Aslan said Arti­va is go­ing af­ter non-Hodgkin’s lym­phoma as its first tar­get pop­u­la­tion, and the com­pa­ny has al­ready be­gun screen­ing pa­tients for en­roll­ment. The com­pa­ny plans to pair the can­di­date, dubbed AB-101, with rit­ux­imab.

Re­searchers will be con­duct­ing a dose-es­ca­lat­ing Phase I study with about a dozen pa­tients at first. Aslan de­clined to say how long the tri­al is ex­pect­ed to run, but said ini­tial safe­ty da­ta could be avail­able as ear­ly as the end of this year.

Arti­va’s ul­ti­mate goal is to make ther­a­pies that have a sim­i­lar im­pact as CAR-Ts ac­ces­si­ble in a com­mu­ni­ty set­ting. Fri­day’s round is a val­i­dat­ing step to­ward that mis­sion, Aslan said, and one that could take the com­pa­ny to­ward an IPO.

But Aslan played coy when asked about tak­ing Arti­va pub­lic, say­ing on­ly that while he’s had thoughts about jump­ing to Nas­daq, “every com­pa­ny at our stage thinks about an IPO.” No con­crete plans for such a leap have been an­nounced as of Fri­day, he added.

Fri­day’s round was led by Ven­rock Health­care Cap­i­tal Part­ners, and was joined by oth­er new in­vestors Acu­ta Cap­i­tal Part­ners, Cor­morant As­set Man­age­ment, EcoR1 Cap­i­tal, Franklin Tem­ple­ton, Janus Hen­der­son In­vestors, Lo­gos Cap­i­tal, RTW In­vest­ments, LP, Sur­vey­or Cap­i­tal (a Citadel Com­pa­ny), Welling­ton Man­age­ment Com­pa­ny, and an undis­closed lead­ing glob­al in­vest­ment firm.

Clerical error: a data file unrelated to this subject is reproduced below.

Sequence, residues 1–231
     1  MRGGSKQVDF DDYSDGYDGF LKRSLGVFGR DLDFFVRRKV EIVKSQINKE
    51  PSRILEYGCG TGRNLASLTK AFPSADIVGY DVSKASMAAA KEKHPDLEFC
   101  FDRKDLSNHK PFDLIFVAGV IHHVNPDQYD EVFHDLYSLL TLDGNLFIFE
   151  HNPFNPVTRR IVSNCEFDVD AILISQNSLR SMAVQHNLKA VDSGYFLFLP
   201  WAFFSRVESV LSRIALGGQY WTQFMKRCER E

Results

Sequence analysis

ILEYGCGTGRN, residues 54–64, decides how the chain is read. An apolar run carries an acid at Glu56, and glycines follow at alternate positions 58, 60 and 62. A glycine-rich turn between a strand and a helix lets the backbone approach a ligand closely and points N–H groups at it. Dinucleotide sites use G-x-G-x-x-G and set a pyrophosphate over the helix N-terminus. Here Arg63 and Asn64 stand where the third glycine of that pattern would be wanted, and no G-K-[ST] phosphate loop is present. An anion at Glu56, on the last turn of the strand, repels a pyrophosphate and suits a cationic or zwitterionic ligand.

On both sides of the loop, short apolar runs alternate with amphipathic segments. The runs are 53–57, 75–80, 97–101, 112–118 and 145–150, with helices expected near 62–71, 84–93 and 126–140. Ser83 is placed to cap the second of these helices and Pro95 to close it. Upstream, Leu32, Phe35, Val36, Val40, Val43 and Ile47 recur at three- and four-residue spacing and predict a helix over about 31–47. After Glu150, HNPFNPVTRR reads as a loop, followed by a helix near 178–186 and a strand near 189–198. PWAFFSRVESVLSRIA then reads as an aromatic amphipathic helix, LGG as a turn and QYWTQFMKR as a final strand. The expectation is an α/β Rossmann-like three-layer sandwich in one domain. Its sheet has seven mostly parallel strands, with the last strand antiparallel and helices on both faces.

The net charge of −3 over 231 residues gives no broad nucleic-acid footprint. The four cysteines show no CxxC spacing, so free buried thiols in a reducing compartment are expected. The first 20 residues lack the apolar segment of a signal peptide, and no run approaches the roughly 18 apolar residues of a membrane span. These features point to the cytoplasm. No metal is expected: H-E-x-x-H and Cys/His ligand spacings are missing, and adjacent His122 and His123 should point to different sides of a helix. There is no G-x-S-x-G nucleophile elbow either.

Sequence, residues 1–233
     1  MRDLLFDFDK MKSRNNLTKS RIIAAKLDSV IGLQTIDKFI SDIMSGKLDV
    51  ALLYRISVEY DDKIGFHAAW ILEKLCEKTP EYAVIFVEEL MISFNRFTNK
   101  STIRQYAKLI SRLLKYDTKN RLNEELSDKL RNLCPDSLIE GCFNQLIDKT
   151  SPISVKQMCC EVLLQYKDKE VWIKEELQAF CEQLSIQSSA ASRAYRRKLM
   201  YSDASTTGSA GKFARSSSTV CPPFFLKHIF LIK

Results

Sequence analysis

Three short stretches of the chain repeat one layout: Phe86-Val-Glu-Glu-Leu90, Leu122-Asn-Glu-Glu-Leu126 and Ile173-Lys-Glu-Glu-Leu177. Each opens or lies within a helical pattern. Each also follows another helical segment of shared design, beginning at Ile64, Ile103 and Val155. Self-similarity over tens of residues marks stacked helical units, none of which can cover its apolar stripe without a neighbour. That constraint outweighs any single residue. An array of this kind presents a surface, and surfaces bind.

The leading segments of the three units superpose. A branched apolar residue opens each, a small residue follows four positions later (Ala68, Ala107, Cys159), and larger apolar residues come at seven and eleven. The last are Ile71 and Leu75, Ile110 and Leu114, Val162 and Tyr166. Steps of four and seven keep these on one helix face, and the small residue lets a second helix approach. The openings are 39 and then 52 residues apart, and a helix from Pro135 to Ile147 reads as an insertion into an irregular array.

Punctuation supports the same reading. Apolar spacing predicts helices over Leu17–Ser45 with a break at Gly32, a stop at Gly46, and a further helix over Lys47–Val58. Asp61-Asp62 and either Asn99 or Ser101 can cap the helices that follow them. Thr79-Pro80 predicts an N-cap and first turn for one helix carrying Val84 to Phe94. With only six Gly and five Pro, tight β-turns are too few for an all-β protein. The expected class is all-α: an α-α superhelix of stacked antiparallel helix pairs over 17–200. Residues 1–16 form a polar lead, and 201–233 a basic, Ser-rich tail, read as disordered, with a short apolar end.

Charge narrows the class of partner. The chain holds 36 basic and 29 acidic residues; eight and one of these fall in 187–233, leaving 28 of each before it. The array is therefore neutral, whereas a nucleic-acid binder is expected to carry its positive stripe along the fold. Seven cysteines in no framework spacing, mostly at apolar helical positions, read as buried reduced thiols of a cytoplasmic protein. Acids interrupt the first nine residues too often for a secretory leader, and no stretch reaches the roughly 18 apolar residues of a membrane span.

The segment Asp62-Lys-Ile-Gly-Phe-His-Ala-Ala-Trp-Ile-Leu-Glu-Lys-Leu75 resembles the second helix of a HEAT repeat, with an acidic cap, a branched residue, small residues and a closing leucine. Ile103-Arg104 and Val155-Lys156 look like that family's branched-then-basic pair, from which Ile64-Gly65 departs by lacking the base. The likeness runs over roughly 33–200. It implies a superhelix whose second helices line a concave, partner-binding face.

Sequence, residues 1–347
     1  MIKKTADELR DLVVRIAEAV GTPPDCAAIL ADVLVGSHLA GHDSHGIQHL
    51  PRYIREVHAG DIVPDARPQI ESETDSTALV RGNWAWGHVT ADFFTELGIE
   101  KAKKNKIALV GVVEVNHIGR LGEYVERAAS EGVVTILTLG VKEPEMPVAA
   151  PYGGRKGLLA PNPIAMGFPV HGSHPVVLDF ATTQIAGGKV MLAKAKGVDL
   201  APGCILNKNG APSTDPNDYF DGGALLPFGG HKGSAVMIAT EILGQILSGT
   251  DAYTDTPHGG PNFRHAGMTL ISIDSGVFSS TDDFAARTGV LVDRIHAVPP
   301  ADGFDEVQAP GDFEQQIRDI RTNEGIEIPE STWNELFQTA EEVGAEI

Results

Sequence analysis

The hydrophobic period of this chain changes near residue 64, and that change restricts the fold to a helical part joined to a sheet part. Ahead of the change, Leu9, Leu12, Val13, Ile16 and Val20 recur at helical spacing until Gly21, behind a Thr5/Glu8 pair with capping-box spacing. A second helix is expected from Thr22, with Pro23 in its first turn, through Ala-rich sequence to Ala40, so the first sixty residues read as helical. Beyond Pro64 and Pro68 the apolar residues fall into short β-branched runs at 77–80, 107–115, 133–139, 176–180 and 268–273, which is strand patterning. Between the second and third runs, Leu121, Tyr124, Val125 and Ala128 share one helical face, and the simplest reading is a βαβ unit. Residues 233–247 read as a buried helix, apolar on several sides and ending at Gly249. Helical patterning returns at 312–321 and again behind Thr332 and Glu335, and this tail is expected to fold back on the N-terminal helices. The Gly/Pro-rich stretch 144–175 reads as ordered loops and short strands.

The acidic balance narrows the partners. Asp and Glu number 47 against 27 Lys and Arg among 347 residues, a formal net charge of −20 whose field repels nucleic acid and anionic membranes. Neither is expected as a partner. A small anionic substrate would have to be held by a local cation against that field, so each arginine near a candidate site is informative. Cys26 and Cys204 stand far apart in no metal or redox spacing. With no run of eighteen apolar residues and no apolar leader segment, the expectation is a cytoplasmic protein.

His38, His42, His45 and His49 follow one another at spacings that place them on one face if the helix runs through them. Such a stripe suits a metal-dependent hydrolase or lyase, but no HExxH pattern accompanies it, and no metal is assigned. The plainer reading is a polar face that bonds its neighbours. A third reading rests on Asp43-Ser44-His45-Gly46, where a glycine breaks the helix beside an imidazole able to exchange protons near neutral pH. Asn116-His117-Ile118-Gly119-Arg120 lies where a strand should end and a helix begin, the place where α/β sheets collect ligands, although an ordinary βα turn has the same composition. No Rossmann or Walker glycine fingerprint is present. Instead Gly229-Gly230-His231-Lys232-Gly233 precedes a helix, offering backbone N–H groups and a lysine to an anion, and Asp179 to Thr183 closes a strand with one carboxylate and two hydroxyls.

Ex­ist­ing in­vestors such as 5AM Ven­tures, RA Cap­i­tal Man­age­ment, and ven­Bio Part­ners, along with strate­gic part­ners GC Lab­Cell and GC al­so par­tic­i­pat­ed.

The Fac­tors Dri­ving a Rapid Evo­lu­tion of Gene & Cell Ther­a­py and CAR-T Clin­i­cal Re­search in APAC

APAC is the fastest growing region globally for cell & gene therapy trials representing more than a third of all cell & gene studies globally, with China leading in the region. 

APAC is the leading location globally for CAR-T trials with China attracting ~60% of all CAR-T trials globally between 2015-2022. The number of CAR-T trials initiated by Western companies has rapidly increased in recent years (current CAGR of about 60%), with multiple targets being explored including CD19, CD20, CD22, BCMA, CD30, CD123, CD33, CD38, and CD138.

The End­points 11; blue­bird's $3M gene ther­a­py; Bio­gen tout new neu­ro da­ta; Harsh re­views for can­cer drugs; and more

Welcome back to Endpoints Weekly, your review of the week’s top biopharma headlines. Want this in your inbox every Saturday morning? Current Endpoints readers can visit their reader profile to add Endpoints Weekly. New to Endpoints? Sign up here.